Mount Carmel Missionary Baptist Church

Mount Carmel Missionary Baptist Church


There is a call-out for everyone of every persuasion to join in a day of prayer on Monday, 21 December around 6 am or noon or whatever time works for you to pray for an end to the pandemic. It's very informal. Just stop and take a moment to pray for the health of the country and the world.
This is Proclaimation Quartet from Southern Ontario Canada. MEMBERS ARE: Ainsley Phillip Bass, Errol Phillip Baritone/Manager, Augustus Baptiste 1st Tenor and Rayon Dove 2nd Tenor. Contact Information Phone Number: 1 647 859 7621 Email: [email protected], [email protected] Manager Errol Phillip Instagram @proclaimationmusic You Tube:
Miss fellowship with my church family
Rev King-You and Bride look so amazing. I know it is the grace of GOD restoring your energy and inner
Good morning family and friends! Let's get the day started right. It's time for our morning Exaltation!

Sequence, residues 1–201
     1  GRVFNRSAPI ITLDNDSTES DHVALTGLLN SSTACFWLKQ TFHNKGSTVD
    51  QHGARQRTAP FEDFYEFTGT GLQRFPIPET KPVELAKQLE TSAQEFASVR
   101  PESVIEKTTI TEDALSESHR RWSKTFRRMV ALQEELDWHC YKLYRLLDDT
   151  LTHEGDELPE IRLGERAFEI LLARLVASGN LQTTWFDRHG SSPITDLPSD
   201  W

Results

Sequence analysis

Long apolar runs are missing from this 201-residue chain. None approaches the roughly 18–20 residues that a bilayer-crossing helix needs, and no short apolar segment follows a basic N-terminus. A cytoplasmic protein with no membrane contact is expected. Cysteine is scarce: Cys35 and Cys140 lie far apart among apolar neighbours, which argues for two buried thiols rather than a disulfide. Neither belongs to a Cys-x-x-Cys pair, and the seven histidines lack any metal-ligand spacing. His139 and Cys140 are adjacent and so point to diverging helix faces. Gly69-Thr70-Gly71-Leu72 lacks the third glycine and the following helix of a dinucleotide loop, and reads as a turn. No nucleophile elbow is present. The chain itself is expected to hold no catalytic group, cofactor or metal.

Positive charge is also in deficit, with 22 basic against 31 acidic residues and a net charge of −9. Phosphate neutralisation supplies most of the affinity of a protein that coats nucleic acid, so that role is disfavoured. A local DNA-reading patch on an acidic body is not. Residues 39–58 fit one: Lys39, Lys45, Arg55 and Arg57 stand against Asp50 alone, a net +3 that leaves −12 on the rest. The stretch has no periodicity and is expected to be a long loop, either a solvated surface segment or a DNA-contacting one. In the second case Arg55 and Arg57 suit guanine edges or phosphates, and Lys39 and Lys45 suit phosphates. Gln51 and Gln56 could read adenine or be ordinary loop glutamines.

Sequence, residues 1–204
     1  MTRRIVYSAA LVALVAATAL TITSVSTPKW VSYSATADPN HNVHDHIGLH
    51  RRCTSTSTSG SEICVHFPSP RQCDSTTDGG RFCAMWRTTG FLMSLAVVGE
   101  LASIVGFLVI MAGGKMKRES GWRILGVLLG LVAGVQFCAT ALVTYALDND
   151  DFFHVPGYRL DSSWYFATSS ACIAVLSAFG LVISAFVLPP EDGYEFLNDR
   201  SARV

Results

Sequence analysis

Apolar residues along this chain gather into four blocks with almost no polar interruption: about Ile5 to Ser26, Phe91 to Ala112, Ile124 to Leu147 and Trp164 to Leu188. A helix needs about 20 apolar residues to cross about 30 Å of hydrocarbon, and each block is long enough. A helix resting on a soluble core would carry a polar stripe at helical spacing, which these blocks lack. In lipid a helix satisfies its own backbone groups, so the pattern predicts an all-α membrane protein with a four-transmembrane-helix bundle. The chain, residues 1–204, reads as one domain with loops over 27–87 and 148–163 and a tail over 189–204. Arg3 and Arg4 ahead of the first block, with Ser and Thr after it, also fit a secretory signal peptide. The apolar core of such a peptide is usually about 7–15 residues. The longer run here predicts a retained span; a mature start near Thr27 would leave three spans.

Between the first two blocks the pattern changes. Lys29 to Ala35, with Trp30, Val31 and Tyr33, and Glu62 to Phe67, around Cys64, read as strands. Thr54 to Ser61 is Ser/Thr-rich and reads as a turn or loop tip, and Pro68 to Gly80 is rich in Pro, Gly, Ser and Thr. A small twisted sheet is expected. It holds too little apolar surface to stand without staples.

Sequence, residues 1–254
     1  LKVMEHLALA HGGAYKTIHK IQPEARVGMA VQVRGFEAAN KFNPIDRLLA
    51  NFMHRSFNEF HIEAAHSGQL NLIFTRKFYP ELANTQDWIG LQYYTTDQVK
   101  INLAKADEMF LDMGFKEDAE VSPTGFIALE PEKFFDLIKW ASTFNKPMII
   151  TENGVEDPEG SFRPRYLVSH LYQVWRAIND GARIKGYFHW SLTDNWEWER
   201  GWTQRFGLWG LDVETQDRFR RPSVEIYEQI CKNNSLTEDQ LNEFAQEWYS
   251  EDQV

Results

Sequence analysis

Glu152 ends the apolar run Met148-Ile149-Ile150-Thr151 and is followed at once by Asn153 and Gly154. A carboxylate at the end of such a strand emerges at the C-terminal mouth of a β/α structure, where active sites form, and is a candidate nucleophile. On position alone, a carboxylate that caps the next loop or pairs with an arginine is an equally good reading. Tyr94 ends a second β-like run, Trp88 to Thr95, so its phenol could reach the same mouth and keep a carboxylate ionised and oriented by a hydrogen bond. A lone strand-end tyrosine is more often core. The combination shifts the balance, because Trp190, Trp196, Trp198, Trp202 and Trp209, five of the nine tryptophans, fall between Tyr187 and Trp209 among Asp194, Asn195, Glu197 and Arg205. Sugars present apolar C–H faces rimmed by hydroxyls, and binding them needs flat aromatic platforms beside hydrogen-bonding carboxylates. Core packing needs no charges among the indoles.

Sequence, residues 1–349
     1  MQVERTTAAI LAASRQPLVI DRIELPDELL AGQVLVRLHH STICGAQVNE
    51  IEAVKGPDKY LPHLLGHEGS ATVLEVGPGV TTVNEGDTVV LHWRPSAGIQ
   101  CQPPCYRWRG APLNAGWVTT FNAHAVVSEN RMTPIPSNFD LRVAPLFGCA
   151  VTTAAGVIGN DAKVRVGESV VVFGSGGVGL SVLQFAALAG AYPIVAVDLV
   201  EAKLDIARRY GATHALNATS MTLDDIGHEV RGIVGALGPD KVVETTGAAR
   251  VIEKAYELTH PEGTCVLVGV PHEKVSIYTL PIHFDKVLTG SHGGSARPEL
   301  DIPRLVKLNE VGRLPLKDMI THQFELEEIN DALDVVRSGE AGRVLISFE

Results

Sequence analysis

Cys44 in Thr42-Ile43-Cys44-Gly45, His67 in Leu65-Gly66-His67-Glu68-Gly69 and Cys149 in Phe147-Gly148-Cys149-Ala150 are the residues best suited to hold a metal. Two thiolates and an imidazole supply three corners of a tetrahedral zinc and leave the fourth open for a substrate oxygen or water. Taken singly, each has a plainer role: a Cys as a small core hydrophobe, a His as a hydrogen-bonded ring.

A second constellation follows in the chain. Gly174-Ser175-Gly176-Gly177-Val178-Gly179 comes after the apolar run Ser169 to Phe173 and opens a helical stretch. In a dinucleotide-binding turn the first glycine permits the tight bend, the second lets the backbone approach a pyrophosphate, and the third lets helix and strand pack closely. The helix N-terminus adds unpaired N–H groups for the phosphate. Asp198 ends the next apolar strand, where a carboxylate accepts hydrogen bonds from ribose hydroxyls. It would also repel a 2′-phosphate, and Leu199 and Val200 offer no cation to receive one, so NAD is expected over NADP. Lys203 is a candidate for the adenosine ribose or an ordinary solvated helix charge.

OMG! Thank You from me and my family for what you did tonight. I had on Uncle Fannon’s hat tonight. I will be formerly thanking you for your love you shown for the Garrett Family. I love you all. 💙💜💞❤️💖💗💕❣️
Keep me posted ul
Where Real Life Transformation Takes Place

"Where real life transformation takes place!" Come experience the Joy!

Operating as usual

Touch to be Inspired!

People of Color Making a Great Difference in the Culture and in this County:

John Wesley Ray, pioneering African-American educator. Born on February 24, 1852, in Asheville, North Carolina. As a child, he worked as a teamster, tending horses for soldiers during the Civil War. After the war, he moved to eastern Tennessee where he attended Maryville College, a school established by Quakers.

Upon graduation he taught in eastern Tennessee, then Virginia, before settling in Dallas, Texas, in the winter of 1878–79. On March 3, 1881, Ray married Mary L. Crockett in Dallas. By 1900 the couple had three children: a daughter named Sina C., born in Texas in 1881, who worked as a school teacher; a daughter born in Tennessee in 1883 named Pearl H.; and a son, John H., also from Texas, born in 1885. By 1910 Sina was the only child still alive and was living with her parents along with her husband of three-years, a Methodist Minister named John T. S. White, and their two-year-old son John.